Nanton is a small town along the Trans-Canada Highway close to an hour south of Calgary. I stayed out overnight on the prairies just east of town for some solo photographing. A storm was fading at sunset but not enough to let any color show through the clouds so I did not make any interesting images before nightfall. In the middle of the night, the Aurora Borealis came out in subtle fashion and that got me out shooting from then through sunrise. I will share some of the Northern Lights images soon but wanted to first share some of the photographs from before dawn.
I love the skies on the prairies and this morning’s canvas was beautiful. I traveled along the gravel roads and found a couple of nice locations. The layers of clouds caught different colours through the morning and I had fun composing those against silhouettes from the land.
After a chilly night photographing and then sleeping at the foot of the Athabasca Glacier, I shook off the cold with a cup of tea before getting out of my sleeping bag and taking a look around. It was about 5:30 am when I was up and the blues and whites in the sky and on the mountains were lovely as they waited for the sun to light them up.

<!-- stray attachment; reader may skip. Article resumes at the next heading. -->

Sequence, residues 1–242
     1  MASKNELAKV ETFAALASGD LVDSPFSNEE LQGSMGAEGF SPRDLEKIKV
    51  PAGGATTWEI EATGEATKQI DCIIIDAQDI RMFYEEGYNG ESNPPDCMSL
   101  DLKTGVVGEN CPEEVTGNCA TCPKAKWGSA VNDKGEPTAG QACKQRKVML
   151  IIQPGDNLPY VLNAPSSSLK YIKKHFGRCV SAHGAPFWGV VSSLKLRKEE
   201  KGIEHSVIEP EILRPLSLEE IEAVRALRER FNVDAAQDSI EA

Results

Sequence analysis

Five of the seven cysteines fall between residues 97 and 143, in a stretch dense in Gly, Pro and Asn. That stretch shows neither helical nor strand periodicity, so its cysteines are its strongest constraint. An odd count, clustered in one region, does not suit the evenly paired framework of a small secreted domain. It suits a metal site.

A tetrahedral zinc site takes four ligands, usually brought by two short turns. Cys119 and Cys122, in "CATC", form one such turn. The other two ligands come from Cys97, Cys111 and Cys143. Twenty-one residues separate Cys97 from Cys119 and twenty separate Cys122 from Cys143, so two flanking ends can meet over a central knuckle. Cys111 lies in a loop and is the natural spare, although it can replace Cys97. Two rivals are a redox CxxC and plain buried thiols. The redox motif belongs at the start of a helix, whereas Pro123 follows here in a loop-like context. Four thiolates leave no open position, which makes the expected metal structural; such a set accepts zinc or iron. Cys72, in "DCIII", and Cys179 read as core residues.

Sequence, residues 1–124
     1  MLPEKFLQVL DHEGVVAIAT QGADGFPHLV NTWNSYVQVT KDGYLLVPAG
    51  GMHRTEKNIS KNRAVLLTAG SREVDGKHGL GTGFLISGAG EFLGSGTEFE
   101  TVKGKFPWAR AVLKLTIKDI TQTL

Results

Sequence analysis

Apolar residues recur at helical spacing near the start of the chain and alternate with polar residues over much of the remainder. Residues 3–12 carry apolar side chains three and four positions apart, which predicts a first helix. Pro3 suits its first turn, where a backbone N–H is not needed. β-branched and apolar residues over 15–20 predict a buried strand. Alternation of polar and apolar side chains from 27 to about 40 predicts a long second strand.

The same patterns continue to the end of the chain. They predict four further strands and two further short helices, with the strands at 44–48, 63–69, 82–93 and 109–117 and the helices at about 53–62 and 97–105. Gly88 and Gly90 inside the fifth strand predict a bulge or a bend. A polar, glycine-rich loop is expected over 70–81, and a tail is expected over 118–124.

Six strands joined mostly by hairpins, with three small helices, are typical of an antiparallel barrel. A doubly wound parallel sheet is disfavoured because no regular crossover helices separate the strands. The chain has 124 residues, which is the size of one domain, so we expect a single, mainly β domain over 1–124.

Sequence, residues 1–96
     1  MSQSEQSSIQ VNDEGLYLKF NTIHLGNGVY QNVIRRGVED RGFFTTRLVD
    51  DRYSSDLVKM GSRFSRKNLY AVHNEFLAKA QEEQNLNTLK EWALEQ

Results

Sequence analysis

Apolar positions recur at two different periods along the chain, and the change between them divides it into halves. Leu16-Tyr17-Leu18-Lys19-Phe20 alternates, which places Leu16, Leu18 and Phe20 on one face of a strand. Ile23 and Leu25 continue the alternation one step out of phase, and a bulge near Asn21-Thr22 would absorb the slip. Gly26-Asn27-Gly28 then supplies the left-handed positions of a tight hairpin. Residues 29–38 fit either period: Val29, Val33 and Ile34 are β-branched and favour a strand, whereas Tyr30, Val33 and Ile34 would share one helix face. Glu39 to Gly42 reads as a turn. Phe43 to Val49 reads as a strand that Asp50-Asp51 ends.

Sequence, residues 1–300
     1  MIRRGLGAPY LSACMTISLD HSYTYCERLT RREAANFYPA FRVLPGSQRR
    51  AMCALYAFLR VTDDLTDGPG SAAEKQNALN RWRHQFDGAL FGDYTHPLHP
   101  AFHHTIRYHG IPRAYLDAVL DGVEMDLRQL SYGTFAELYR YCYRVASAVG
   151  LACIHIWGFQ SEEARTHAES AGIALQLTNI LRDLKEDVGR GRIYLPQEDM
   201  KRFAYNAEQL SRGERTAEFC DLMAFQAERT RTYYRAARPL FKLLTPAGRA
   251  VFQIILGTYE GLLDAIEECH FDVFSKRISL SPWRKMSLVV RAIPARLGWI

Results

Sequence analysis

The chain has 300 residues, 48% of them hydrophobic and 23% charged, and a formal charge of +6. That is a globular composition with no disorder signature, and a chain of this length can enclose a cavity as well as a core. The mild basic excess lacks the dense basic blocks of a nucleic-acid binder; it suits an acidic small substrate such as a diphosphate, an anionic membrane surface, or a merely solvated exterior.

The image above was made at 5:47 am and less than 10 minutes later, the pink sunlight of dawn was splashing the upper reaches of the mountains on either side of the glacier. It was beautiful and I took turns between watching the light move across the slopes and trying to remember to photograph.
I started where the light first reached along Parker Ridge and Hilda Peak on the western side of the Sunwapta Pass, then worked to the right watching as Mount Athabasca and Mount Andromeda were hit with shafts of light here and there.
I panned across the Athabasca Glacier towards the Dome Glacier and saw the light show unfolding there a couple of minutes behind my location. I ran to my car and drove to a viewpoint where I could see up the valley to the glacier and up to the peak of Mount Kitchener (the first image in this post). It proved to be a good move and I was able to watch the sunlight as it transitioned from pink into gold.